A2_SARIO.docx - Sario Kachel Joy S A2 GED107 – C1 September 7 2019 KANT’S MORAL PHILOSOPHY Back in the post-Enlightment age people believed that

A2_SARIO.docx - Sario Kachel Joy S A2 GED107 – C1...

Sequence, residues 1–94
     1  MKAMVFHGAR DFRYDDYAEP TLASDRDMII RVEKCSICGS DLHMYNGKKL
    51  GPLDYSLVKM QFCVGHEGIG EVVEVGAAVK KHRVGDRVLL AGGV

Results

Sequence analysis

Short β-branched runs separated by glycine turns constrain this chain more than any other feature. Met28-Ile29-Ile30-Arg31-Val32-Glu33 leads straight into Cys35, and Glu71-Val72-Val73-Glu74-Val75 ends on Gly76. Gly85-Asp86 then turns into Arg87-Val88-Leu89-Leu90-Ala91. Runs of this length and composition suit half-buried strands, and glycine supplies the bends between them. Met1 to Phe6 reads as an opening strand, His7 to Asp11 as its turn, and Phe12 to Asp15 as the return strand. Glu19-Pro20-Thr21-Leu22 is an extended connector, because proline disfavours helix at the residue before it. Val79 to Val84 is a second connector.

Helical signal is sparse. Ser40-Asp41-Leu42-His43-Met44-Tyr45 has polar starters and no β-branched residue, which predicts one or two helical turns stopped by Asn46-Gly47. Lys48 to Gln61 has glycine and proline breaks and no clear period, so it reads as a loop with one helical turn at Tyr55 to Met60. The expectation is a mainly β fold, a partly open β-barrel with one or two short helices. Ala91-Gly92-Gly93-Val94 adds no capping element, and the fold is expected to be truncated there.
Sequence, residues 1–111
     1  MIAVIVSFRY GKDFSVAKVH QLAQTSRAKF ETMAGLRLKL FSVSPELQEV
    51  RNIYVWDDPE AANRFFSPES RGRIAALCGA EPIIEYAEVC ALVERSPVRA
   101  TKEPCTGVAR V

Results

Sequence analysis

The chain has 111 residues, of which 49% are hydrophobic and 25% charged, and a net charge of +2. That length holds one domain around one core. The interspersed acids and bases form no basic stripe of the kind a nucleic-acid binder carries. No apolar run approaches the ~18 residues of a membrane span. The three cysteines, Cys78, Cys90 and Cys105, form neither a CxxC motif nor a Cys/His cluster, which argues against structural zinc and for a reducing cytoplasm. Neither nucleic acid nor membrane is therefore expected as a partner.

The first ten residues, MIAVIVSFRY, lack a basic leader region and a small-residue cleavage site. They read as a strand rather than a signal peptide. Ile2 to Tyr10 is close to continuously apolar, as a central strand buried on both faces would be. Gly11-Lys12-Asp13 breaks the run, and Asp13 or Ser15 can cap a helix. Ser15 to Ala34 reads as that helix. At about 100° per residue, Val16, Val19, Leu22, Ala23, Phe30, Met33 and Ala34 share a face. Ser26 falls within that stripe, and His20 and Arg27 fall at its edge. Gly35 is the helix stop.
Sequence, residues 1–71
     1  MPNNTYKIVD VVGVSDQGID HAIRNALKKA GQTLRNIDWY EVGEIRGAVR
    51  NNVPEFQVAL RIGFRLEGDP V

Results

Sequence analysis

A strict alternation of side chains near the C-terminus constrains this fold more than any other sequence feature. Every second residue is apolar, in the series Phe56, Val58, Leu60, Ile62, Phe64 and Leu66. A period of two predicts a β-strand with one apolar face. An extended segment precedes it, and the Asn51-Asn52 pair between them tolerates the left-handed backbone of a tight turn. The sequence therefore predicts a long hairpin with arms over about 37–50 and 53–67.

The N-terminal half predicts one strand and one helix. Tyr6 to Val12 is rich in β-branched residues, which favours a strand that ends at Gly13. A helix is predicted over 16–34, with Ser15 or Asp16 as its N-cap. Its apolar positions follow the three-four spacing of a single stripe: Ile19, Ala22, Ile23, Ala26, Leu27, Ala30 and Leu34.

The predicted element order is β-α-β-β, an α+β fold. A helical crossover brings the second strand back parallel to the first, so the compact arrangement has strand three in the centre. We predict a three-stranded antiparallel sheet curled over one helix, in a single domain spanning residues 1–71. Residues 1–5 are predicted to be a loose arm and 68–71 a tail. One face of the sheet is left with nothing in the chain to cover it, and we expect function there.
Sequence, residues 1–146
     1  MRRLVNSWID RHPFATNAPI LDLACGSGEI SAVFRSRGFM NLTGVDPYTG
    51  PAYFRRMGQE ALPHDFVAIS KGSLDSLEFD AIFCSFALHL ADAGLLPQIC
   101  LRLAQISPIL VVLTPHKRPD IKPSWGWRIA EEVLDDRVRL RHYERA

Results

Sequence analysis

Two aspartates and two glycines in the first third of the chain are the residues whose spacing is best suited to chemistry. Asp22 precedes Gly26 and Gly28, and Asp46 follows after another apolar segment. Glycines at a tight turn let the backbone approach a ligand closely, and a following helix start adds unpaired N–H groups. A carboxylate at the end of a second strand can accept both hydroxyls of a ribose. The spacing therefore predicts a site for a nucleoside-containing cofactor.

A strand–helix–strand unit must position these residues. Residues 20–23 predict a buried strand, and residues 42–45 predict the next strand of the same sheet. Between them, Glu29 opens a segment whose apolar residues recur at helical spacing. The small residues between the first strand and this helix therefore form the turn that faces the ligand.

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Sario, Kachel Joy S. A2 GED107 – C1 September 7, 2019 KANT’S MORAL PHILOSOPHY Back in the post-Enlightment age, people believed that morality can only come out of religion or faith. People base their principles on the knowledge that there is a divine Being that ordains and judges for humans what is good and what is bad. In this kind of thinking, sceptics may see that our roles with regards to morality then becomes that out of compliance and obedience, not genuine or innate in us. St. Thomas Aquinas provided a different stand in his Natural Law Theory that morality comes from us, but only because we are made by God – that being made by Him in all His knowledge of good and evil do we become knowledgeable of morality. This still poses the idea that by ourselves alone, we can never know what is moral or not, unless there is God who can tell for us which is which. On this matter, 18 th Century German philosopher, while also thinking that morality is not supplied by a supernatural being, he has however a different approach. Whether or not morality truly exists and whether or not we choose to believe so, he believed that through pure reason we are capable of being moral ourselves – and perhaps why morality is a thing and that it is natural that we associate our actions with it every now and then. He thought that moral laws are the product of us being rational beings, of being able to think and listen to reason, regardless of our religious beliefs or lack thereof. He also thinks that if we look to religion as a basis for our morality, we would not be able to come to a common ground since doctrine varies from one religion to another. Kant starts his argument by posing the question “what does it mean to be good?” or in other words, what is the qualification for being good or what makes an action genuinely good? Kant answers by saying that to be good, one must possess in himself the good will . This simply means that having the genuine will to do the right thing is the only way one can be considered morally good. With this kind of principle, it then warns that it is not the consequences of your actions that matter, so much if they happen to be good or bad results, but the motive behind those actions is what counts. For example, if a rich man donates to a charity only for the sake of ‘feeling good’ for himself, that does not make him morally good. He can only be considered good if he genuinely donated out of his moral conscience. In this argument, Kant compels us to exercise our capacity for reason and free will. Thus, to him, morality is a set of rules that you place on yourself, and to act ‘immorally’ then means to contradict those principles. And because morality is a result of us being capable of reason, Kant makes morality as inevitable as logic as to him, morality is constant. It is then the default precepts on ways that make sense for people to act or think. Therefore, if
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